By far, the biggest news out of Microsoft for developers this week is the announcement of the forthcoming Kinect for Windows Software Development Kit. However, a number of other important technology stories are percolating just below the surface of the big news.

Kinect for Windows SDK. Microsoft announced on Feb. 21st that a non-commercial Kinect for Windows SDK will be available as a free download in the spring. The Kinect for Windows SDK is being developed and released by Microsoft Research (MSR) in collaboration with the Interactive Entertainment Business and will give academic researchers and enthusiasts access to key pieces of the Kinect system – such as the audio technology, system application programming interfaces and direct control of the Kinect sensor itself. ZDNet’s Mary Jo Foley covered the story in her daily All About Microsoft column, as did TechFlash Managing Editor Todd Bishop with this story.

Craig Mundie’s TechForum. At the Redmond, Wash. campus on Feb. 21st, Microsoft Chief Research and Strategy Officer Craig Mundie spoke about future trends in the technology sector and showcased a few prototypes and Microsoft Research projects. TechFlash covered the story, including more than seven minutes of video regarding Avatar Kinect taken at the TechForum event.

Windows MultiPoint Server. In this Feb. 21st post on Blogging Windows, blogger Brandon LeBlanc reports that the trial version of Windows MultiPoint Server is now available for download at the Microsoft Download Center. Windows MultiPoint Server is designed to make technology access easier and more affordable for educational institutions.

Ben the PC Guy’s favorite spring PCs. Ben the PC Guy is at it again. On the Windows Experience Blog, blogger Ben Rudolph shows off some of the hottest spring PCs out there in a nearly seven-minute video, including the Toshiba Satellite L635 Kids PC, ASUS U36Jc, HP Pavilion dm1z, Acer TimelineX 1830, Dell XPS 14, Sony VAIO Z, Samsung SF 510 and Lenovo U260.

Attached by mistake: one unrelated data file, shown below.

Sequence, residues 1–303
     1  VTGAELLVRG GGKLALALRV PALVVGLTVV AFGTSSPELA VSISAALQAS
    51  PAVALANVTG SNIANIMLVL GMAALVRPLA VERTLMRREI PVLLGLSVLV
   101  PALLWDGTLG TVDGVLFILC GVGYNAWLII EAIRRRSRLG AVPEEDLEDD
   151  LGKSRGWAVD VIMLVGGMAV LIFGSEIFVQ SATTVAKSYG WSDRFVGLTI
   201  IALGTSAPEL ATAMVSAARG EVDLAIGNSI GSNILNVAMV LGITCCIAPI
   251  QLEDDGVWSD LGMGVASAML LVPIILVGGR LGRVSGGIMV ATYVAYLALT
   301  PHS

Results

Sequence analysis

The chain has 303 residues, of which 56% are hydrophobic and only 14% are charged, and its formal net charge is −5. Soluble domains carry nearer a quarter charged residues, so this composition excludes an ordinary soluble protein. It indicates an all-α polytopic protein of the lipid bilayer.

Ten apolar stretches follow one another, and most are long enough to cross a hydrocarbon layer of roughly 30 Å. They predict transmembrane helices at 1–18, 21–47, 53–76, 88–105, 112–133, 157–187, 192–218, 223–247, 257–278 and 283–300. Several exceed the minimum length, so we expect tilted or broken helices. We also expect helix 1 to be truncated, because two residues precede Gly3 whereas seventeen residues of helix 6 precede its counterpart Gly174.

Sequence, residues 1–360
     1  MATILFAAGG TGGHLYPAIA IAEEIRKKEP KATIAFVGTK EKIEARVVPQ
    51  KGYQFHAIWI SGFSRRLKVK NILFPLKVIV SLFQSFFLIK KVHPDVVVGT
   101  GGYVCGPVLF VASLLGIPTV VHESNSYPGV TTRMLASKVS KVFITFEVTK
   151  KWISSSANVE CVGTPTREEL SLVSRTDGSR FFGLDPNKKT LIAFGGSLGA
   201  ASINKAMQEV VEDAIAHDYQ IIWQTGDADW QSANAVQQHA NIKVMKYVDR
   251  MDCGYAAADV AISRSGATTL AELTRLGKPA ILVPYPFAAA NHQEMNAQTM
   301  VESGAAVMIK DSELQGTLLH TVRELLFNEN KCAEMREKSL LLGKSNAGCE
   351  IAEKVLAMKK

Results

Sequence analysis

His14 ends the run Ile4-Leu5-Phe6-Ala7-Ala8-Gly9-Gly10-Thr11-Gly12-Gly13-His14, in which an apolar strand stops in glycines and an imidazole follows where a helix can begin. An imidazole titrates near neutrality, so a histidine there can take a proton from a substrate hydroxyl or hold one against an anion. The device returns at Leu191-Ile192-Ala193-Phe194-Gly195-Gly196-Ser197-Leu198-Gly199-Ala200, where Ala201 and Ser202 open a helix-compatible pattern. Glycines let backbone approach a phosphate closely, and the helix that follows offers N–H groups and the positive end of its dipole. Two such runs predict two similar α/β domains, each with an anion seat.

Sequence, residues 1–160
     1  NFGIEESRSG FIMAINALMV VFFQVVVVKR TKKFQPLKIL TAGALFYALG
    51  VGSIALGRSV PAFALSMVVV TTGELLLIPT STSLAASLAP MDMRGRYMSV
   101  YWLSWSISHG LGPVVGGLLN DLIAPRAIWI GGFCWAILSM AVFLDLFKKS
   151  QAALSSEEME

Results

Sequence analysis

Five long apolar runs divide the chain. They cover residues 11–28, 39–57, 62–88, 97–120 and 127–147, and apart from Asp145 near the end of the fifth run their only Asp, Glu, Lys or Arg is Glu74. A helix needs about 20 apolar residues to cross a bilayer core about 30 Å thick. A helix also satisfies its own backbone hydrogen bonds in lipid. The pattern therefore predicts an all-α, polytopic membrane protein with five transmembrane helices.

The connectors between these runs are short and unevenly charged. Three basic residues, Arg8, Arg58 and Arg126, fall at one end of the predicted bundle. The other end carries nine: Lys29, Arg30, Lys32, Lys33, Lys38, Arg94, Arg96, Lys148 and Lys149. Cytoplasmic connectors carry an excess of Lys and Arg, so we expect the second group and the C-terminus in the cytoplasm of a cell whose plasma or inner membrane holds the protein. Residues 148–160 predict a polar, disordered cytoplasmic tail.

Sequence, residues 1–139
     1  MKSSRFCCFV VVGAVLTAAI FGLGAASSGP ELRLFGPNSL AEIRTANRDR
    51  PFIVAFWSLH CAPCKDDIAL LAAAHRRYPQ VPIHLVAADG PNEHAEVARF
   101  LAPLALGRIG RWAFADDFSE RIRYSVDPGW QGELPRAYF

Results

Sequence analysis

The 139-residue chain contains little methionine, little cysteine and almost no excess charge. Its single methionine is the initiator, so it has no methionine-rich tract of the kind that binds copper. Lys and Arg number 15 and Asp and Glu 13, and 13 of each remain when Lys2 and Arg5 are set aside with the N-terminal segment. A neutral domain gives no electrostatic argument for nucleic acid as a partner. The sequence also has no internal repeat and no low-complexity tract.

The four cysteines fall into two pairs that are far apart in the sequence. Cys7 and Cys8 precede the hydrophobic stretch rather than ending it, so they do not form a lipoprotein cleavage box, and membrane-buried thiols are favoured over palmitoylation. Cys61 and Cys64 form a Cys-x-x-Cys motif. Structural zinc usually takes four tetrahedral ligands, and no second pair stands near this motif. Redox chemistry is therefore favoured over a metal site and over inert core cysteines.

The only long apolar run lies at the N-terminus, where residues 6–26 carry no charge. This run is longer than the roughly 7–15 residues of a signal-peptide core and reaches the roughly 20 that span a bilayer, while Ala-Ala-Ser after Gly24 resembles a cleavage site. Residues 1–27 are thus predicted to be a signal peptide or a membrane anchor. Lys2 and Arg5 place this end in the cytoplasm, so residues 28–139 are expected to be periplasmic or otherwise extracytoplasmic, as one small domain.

The Future of Search. In this Feb. 18th blog post, The Bing team announced the start of a new series called “The Future of Search.” Created in conjunction with O’Reilly Radar, a company that provides research and analysis on emerging technologies, the new series will explore different themes every three or four weeks regarding how search will look and feel down the road.

Internet Explorer 9’s geolocation capabilities. The release candidate for Internet Explorer 9 includes support for the World Wide Web Consortium’s (W3C) geolocation API, which enables Web developers to request the user’s physical location, according to this Feb. 17th post on the IEBlog. Andy Zeigler, a program manager at Internet Explorer, continues, “If a Web site requests your location, Internet Explorer will notify you and let you choose whether or not to grant the requesting Web site access to your location.”

The Silverlight Triad. In this episode of Silverlight TV, three leaders from the Silverlight engineering team – the “Silverlight Triad” – are interviewed on Channel 9 about some of their favorite features in the next release of Silverlight. Watch the video below:

That’s it for this edition of the Midweek Download. See you next Wednesday, and thanks for reading!

Posted by Jeff Meisner
Senior Manager, Corporate Blogs